Editor-in-chief

An editor-in-chief, also known as lead editor or chief editor, is a publication's editorial leader who has final responsibility for its operations and policies.[1][2] The highest ranking editor of a publication may also be titled editor, managing editor, or executive editor, but where these titles are held while someone else is editor-in-chief, the editor-in-chief outranks the others.

Description

The editor-in-chief heads all departments of the organization and is held accountable for delegating tasks to staff members and managing them. The term is often used at newspapers, magazines, yearbooks, and television news programs. The editor-in-chief is commonly the link between the publisher or proprietor and the editorial staff.

The term is also applied to academic journals, where the editor-in-chief gives the ultimate decision whether a submitted manuscript will be published. This decision is made by the editor-in-chief after seeking input from reviewers selected on a basis of relevant expertise. For larger journals, the decision is often upon the recommendation of one of several associate editors who each have responsibility for a fraction of the submitted manuscripts.

Typical responsibilities of editors in chief include:[3]

  • Ensuring that content is journalistically objective[4]
  • Fact checking, spelling, grammar, writing style, page design and photos
  • Rejecting writing that appears to be plagiarized, ghostwritten, published elsewhere, or of little interest to readers
  • Evaluating and editing content[5][6]
  • Contributing editorial pieces
  • Motivating and developing editorial staff[5]
  • Ensuring the final draft is complete
  • Handling reader complaints and taking responsibility for issues after publication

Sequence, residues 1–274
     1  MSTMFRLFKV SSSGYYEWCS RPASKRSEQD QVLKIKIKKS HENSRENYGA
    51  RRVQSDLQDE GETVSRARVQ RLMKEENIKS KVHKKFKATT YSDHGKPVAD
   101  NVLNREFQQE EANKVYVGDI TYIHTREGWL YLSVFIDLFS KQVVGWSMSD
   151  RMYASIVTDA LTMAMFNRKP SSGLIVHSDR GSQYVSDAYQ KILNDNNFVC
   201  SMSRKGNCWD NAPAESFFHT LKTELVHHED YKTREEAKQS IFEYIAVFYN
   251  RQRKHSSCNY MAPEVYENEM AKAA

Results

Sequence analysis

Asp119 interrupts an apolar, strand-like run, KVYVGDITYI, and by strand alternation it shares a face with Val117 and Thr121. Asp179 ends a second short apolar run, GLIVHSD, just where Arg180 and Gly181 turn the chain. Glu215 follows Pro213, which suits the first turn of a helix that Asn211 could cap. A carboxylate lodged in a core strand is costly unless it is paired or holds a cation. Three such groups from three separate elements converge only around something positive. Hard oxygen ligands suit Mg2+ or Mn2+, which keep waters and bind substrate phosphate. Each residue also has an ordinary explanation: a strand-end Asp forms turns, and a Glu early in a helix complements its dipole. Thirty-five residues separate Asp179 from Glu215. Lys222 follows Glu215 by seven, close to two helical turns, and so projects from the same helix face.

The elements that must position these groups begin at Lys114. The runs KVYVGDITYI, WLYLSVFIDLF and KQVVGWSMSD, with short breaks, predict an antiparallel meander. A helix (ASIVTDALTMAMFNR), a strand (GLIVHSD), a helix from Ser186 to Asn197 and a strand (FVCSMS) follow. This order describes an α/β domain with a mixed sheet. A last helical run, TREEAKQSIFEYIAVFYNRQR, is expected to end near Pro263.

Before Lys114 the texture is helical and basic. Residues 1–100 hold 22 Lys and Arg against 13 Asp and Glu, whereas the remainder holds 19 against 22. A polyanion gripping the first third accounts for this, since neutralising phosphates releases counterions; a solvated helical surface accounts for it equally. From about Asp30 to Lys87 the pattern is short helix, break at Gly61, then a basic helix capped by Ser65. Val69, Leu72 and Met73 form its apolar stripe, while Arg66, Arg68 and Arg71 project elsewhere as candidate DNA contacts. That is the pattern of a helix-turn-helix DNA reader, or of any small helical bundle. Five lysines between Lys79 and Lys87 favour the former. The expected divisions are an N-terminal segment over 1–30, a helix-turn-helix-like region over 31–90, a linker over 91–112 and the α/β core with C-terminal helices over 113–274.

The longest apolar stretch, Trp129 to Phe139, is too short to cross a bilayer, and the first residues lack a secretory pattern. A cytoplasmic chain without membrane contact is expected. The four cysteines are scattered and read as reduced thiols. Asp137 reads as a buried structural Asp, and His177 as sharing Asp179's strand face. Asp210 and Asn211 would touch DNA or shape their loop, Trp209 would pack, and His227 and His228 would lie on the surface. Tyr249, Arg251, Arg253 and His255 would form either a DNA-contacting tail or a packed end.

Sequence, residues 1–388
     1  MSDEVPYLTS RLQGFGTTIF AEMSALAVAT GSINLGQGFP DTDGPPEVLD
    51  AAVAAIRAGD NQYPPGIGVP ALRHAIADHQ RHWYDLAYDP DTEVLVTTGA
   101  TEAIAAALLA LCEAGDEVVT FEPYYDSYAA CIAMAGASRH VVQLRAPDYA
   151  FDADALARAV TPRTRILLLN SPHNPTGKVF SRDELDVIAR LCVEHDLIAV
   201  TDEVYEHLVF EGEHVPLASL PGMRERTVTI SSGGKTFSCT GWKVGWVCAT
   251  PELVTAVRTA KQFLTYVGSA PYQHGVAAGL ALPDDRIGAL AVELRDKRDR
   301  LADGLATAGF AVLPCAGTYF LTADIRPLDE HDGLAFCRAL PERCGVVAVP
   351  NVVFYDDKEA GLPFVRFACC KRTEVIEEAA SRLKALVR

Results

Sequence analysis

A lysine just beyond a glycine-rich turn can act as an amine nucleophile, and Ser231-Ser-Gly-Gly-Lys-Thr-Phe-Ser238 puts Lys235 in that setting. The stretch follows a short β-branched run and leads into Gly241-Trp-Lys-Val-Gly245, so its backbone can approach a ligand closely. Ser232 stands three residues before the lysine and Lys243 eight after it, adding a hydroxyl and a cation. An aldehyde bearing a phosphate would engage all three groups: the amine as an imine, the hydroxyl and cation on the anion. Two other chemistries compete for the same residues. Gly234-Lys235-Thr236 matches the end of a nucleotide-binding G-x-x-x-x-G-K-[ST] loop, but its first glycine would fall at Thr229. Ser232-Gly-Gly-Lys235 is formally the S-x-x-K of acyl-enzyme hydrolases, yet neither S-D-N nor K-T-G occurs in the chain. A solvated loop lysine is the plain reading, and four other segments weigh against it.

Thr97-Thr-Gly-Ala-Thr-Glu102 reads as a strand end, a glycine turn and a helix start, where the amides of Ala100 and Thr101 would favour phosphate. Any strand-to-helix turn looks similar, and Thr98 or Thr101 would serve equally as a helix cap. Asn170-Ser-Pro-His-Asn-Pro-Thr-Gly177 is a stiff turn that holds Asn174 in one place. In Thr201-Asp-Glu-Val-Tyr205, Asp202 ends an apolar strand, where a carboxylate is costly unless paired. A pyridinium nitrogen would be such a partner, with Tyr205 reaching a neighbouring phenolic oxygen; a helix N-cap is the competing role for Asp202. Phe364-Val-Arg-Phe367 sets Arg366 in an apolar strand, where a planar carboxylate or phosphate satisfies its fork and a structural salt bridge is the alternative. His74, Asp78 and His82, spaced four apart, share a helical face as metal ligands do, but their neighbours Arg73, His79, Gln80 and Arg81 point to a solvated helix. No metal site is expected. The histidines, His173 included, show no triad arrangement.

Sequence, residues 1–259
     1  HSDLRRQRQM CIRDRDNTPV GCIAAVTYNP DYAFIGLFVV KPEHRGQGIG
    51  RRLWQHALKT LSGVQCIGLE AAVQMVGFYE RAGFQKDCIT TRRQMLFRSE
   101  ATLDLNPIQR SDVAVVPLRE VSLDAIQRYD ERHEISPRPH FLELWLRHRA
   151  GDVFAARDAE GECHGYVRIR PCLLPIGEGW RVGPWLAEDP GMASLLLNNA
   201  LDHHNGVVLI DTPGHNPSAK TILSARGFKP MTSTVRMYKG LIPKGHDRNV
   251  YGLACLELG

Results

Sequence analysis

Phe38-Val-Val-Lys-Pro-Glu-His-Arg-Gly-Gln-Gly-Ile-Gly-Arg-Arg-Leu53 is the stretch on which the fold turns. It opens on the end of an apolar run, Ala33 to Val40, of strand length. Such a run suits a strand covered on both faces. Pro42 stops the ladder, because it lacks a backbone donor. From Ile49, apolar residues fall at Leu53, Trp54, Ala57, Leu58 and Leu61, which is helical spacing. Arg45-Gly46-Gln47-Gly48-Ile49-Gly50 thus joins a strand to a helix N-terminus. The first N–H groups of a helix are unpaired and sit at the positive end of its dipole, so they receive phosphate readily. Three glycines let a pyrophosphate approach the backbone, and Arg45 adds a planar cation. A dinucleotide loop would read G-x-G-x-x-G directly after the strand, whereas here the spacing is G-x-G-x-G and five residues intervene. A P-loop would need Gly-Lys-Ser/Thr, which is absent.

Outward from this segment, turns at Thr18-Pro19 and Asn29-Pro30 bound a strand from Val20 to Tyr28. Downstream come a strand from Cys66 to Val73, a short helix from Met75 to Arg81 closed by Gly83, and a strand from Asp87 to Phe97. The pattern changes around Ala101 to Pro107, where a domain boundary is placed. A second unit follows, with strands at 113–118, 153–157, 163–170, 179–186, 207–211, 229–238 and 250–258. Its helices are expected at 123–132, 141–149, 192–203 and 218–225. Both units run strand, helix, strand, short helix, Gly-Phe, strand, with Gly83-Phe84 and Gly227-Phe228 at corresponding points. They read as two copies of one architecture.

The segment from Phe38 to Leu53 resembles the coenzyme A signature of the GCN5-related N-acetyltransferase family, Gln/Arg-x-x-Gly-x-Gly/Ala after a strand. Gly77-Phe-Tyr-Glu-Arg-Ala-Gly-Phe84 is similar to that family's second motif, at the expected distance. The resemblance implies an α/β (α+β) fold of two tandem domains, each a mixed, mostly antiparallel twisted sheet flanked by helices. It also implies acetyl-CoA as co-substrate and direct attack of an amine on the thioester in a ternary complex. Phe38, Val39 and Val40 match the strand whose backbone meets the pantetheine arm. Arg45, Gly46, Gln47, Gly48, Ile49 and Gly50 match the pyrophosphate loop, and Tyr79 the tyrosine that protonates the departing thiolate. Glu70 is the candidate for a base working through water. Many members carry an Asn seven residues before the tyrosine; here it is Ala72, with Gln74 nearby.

• For books and journals, cross-checking citations and examining references
  • Working to advance the commercial success of the publication[7]
  • Position may involve recruiting, hiring and firing staff.[7]

References

  1. ^ Staff (2012). "editor in chief". The Free Dictionary by Farlex. Farlex, Inc. Retrieved 23 May 2012.
  2. ^ "Encarta Dictionary definition". Archived from the original on 2009-11-01.
  3. ^ Patil, Sayali Bedekar. "Editor In Chief Responsibilities". Buzzle Web Portal: Intelligent Life on the Web. Retrieved 18 August 2010.
  4. ^ Nesvisky, M. (2008). Covering Your Campus: A Guide for Student Newspapers. Rowman & Littlefield Publishers. p. 35. ISBN 978-0-7425-5389-7. Retrieved July 17, 2017.
  5. ^ a b Young, M. (2007). Death, Sex & Money: Life Inside a Newspaper. Melbourne University Press. pp. 46–51. ISBN 978-0-522-85344-5. Retrieved July 17, 2017.
  6. ^ Smith, H.F. (1996). Springboard to Journalism. Columbia Scholastic Press Advisers Association of Columbia University. p. 6. Retrieved July 17, 2017.
  7. ^ a b Niblock, S. (2003). Inside Journalism. Taylor & Francis. pp. 62–63. ISBN 978-1-135-37256-9. Retrieved July 17, 2017.

Further reading

  • John La Porte Given (1907). "The Editor-In-Chief". Making a Newspaper. New York: H. Holt and company. pp. 30–35.
  • Nathaniel Clark Fowler (1913). "The Editor-In-Chief". The Handbook of Journalism: All about Newspaper Work: Facts and Information. New York: Sully and Kleinteich.
  • The New Fowler's Modern English Usage (3rd ed. 1996, edited by R. W. Burchfield); Bryan A. Garner, Garner's Modern American Usage (2009).
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